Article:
Dry Heat

by | Art by

Tonight, like all nights, men gather
in cafés, drinking heavy and bitter cups of tea,
smoking cigarettes, devouring sweets made
of dates that fell from trees, the mothers
of our otherwise deadly deserts

Beauty is not native
to this soil, only to him.

When my body sits in a room
The curtains must be closed
The percentage of fat on my chest,
the curve of my hips: abominations
that cannot rest in cafés alongside men.
Their bodies tighter, leaner. Skin on muscle
on bone, the only way of being without shame

Men stare like you are scenery without eyes
to stare back. You are the most loathsome
wholesome thing. To be lifted and stepped on
Inciting lust in cafés is a capital sin.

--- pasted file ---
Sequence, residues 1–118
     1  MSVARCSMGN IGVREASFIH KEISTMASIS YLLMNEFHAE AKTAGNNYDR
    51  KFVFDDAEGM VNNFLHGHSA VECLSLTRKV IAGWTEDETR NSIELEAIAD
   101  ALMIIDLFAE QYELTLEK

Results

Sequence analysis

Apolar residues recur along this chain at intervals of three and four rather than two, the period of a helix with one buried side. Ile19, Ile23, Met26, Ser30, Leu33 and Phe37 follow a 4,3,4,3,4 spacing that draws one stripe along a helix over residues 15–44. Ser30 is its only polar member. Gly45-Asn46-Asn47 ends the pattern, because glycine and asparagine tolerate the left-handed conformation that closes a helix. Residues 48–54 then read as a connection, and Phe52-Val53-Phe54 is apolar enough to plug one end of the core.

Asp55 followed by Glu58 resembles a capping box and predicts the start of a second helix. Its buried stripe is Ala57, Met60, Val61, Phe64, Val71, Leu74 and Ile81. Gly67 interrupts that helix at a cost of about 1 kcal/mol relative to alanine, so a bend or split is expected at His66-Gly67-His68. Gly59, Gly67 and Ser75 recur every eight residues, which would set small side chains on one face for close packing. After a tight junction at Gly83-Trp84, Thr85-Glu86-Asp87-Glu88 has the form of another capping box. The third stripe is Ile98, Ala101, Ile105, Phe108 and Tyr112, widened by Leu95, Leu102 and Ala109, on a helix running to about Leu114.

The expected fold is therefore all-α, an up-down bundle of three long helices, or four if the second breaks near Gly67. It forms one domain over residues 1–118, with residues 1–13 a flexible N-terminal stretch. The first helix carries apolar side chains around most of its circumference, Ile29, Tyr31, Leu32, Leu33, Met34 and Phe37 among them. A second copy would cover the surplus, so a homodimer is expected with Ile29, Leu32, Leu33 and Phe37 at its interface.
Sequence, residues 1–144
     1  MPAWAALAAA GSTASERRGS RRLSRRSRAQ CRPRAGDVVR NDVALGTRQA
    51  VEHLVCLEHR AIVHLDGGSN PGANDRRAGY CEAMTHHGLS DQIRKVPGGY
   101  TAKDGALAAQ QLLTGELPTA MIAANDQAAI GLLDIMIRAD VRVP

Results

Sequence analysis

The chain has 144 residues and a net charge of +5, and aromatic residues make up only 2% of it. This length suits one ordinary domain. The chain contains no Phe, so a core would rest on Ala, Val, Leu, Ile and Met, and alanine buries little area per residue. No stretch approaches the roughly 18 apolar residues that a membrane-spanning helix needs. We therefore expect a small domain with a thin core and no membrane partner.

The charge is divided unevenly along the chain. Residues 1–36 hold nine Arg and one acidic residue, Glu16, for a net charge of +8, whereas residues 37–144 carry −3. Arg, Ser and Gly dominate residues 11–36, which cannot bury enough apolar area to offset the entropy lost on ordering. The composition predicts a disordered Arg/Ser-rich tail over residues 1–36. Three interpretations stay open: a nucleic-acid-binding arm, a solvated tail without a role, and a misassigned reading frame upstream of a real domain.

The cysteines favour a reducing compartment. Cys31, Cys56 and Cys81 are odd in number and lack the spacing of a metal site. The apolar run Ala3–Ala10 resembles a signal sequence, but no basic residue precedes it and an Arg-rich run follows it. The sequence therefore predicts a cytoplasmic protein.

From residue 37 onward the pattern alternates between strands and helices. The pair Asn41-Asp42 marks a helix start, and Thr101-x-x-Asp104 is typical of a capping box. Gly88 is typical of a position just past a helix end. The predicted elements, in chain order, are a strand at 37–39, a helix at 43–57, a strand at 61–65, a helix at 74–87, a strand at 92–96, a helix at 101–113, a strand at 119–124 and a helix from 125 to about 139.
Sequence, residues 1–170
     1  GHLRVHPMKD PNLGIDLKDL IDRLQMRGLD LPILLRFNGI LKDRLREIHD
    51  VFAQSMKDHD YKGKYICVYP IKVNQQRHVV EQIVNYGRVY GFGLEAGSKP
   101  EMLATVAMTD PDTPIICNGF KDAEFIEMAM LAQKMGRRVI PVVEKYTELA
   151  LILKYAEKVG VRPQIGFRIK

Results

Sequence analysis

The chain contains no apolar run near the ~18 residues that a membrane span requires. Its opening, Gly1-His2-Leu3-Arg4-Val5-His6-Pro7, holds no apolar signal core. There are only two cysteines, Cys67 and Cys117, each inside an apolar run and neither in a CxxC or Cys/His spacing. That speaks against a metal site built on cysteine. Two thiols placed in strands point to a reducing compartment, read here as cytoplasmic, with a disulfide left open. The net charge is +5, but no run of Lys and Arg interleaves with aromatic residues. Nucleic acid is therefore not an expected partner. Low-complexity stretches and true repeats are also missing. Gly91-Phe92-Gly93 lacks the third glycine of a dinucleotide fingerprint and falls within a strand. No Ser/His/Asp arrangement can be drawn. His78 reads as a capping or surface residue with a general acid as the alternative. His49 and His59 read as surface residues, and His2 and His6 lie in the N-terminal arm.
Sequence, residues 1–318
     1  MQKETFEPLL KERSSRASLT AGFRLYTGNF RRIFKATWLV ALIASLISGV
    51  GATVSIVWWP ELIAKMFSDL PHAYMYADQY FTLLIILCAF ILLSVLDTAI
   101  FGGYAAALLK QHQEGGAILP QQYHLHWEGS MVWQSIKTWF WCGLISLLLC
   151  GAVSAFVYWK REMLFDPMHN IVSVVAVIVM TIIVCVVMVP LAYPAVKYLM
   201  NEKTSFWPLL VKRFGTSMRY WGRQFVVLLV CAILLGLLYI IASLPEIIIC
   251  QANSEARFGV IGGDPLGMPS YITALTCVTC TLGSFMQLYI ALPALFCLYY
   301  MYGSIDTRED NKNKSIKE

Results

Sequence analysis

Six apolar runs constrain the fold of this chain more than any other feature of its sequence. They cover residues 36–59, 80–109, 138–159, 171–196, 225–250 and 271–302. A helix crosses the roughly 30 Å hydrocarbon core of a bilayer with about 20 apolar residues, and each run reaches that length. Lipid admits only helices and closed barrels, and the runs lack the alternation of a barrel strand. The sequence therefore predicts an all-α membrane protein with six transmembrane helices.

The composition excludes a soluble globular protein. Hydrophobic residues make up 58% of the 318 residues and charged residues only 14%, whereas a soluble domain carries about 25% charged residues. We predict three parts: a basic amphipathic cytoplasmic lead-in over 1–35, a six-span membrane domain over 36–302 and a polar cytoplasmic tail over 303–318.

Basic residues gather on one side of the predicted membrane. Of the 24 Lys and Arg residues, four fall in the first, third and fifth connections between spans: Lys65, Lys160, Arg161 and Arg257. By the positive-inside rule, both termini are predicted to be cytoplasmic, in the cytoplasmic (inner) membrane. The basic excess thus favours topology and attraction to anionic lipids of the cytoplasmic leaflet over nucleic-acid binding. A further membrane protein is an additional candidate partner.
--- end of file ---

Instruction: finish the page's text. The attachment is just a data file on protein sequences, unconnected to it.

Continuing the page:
Though I could be naming
clouds and deserts –

I am here, instead, with him. He tells
me, the blue dress you wear is brutal
It breaks his bones to see me
So beautiful and young
With flesh and fat to fill his palms
I love his lust I love his love
I lust for him, too. But my flame
Exerts no smoke, no smell
A soft heat that burns no one.

Our room is small and outside of it
We fall into our bodies. Strictly made
For separate things, separate spaces
With him, I am the owner of my body
And I am without body. Still, most days
we walk the streets in bodies distinct
We become things entitled to different soils
His, fertile. Mine, yielding only stillborn things